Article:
This allows me to check my phone less and when it does vibrate it’s something actually important.

Step three: 

I’m a big advocate of not having cable TV. We actually only use Hulu and Netflix. This way you’re not fed ads, mindlessly vegging (as much), and you can watch tv when you want vs when it’s live. My wife and I are actually trying to go without TV completely. I’d rather spend our time together reading, playing games, exercising, or hanging out with friends. Our results/thoughts on this will be a separate blog post.

Bonus/Personal preference: 

I moved over to a Samsung Gear S3 smartwatch. It costs me $10 a month through AT&T. This is honestly very similar to just going back to a flip phone. (But I like the fitness tracking, music, and not having something in my pocket.) I get my texts/phone calls. I get notifications of emails. But I’m not on Social Media, The internet, or ignoring people around me. I know several friends with just basic flip phones who’ve noticed the same things I’m seeing. They’re waking up to everyone else not paying attention. They’re connecting more with people actually around them.

There was a recent movie about a man who falls in love with his “Siri” equivalent. I didn’t see the movie but I read an awesome article regarding the movie. Silicon Valley loved the movie for its use of technology and connectivity. In the movie, the main character wears in-ear devices that allow him to interact with his virtual assistant in the real world. In one scene he’s talking to someone who doesn’t speak English. His in-ears translate for him while the other persons do the same. How cool would that be? You could travel anywhere in the world and communicate speaking in your native tongue.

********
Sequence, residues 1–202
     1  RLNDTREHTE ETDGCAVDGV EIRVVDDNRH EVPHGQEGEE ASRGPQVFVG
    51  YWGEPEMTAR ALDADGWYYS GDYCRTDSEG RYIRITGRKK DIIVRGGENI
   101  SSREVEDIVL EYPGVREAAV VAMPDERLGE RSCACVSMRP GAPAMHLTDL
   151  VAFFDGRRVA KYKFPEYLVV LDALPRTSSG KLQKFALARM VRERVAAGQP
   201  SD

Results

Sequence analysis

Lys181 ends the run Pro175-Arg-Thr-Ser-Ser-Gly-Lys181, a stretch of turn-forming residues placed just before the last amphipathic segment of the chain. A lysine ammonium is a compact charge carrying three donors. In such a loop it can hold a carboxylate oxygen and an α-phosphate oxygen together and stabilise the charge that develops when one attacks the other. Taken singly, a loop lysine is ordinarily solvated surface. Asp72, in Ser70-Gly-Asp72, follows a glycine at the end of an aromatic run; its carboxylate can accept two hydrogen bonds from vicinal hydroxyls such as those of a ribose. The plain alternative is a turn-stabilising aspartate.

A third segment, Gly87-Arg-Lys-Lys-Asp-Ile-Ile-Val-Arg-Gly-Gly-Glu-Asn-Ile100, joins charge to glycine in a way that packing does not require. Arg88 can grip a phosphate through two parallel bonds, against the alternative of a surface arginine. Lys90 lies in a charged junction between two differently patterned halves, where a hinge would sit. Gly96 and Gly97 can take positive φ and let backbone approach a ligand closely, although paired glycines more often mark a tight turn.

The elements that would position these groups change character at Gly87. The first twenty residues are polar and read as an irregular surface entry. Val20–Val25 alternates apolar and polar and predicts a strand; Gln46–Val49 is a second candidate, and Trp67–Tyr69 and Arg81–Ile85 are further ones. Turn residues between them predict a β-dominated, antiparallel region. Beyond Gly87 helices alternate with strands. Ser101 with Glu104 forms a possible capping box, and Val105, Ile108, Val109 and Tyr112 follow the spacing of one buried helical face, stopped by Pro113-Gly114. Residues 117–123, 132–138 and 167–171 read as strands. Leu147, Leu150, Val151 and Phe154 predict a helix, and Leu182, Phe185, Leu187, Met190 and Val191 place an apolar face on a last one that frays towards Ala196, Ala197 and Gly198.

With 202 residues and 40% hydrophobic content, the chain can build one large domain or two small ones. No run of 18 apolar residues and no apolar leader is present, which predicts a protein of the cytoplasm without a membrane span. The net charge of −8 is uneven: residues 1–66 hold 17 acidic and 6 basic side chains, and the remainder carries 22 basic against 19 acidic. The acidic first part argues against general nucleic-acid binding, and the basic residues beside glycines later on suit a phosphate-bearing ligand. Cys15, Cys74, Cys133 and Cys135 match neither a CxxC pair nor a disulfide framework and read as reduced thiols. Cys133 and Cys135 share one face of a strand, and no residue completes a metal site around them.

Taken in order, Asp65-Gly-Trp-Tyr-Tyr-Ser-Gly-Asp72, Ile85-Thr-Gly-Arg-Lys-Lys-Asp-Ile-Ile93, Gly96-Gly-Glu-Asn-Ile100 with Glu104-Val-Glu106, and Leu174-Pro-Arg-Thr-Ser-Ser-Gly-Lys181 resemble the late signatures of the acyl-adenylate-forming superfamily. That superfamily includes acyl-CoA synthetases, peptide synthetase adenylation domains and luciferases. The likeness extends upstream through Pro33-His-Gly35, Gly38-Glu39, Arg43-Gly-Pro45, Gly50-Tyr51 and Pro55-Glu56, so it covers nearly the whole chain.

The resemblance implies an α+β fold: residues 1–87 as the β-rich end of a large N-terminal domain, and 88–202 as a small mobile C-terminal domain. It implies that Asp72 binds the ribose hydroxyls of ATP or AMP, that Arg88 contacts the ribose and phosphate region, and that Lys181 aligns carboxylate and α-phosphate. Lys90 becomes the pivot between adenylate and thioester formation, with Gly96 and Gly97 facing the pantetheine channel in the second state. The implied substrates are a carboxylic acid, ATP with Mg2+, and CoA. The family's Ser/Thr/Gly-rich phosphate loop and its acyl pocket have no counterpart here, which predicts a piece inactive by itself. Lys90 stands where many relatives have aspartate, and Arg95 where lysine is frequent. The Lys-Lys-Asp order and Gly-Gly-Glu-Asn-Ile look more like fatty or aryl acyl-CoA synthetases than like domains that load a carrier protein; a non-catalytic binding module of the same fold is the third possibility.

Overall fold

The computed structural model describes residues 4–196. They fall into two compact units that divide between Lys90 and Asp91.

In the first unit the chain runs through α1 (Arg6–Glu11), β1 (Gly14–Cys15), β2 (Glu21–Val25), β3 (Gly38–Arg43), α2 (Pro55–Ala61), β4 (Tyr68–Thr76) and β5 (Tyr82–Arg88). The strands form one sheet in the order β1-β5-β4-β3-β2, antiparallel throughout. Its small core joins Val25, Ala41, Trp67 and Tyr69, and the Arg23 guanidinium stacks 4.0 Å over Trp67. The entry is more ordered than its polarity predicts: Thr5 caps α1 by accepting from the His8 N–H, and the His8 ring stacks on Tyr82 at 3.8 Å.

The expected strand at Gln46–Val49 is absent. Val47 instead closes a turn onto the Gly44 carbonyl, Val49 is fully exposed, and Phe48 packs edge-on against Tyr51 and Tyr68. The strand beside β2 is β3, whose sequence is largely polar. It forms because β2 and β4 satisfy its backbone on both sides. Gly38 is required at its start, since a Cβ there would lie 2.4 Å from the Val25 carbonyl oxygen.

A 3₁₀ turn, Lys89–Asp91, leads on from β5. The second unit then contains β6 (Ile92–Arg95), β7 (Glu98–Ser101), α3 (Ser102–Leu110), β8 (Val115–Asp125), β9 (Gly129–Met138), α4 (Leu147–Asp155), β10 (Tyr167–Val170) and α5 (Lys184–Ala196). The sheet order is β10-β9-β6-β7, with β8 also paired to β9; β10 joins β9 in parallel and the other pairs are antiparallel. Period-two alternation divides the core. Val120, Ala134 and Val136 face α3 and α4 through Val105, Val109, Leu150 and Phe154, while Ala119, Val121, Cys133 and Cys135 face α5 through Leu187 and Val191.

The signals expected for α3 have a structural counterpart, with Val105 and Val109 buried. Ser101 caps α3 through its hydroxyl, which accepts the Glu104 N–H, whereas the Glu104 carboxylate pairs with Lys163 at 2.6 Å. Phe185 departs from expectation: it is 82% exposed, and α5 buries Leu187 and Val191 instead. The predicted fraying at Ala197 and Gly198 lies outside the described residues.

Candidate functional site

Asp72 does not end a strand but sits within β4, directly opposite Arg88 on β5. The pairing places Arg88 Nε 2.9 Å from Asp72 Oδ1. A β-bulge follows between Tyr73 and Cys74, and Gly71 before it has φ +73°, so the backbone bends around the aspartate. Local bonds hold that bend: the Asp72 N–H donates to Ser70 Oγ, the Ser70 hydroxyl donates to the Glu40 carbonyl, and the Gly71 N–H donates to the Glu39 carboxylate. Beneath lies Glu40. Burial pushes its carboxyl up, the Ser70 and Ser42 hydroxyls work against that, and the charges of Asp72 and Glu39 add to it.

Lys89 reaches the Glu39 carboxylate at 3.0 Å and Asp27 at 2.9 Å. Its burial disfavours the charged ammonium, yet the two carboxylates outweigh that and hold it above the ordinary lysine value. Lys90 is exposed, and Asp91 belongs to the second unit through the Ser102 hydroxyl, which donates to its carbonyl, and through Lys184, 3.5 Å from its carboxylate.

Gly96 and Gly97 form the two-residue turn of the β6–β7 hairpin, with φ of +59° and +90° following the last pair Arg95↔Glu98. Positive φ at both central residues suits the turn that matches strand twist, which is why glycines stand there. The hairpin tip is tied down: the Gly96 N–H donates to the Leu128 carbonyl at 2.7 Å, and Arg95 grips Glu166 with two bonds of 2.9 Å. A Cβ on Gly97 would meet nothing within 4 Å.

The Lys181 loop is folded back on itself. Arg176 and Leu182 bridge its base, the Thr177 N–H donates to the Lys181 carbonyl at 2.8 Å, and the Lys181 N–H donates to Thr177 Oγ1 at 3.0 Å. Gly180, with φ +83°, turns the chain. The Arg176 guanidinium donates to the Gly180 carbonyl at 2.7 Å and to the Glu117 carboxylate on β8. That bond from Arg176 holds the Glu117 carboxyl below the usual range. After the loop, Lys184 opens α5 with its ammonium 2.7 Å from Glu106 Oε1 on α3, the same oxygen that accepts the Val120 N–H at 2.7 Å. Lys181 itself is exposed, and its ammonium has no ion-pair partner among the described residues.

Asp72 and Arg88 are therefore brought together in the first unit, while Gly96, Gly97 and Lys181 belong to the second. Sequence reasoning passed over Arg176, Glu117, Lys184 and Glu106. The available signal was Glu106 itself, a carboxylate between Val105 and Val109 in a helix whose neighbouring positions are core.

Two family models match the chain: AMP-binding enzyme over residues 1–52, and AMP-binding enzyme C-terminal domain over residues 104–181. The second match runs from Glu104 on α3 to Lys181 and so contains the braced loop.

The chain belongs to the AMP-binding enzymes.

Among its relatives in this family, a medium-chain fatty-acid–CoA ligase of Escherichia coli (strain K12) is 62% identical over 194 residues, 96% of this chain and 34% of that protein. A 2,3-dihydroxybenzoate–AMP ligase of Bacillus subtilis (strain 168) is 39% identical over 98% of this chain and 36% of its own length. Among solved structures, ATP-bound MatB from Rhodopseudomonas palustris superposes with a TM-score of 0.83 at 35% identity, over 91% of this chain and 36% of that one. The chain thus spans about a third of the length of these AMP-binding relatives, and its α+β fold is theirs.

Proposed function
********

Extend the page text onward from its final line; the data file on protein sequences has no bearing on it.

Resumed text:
My view of the above scenario is very much what I’ve described in this post. If we’re smart and utilize technology as a tool we can make it work for us. The intelligent can use it to diversify, streamline, and build businesses. The masses will rely too heavily on it and sink deeper into it.

 

” Doing the same thing as everyone else and expecting different results is insane!”  (Paraphrased Albert Einstien Quote) 

 

 

Take a look at this link below. Any of this feel/sound familiar?

Death Of Conversation: 22+ Images Of How Smartphones Take Over Our Lives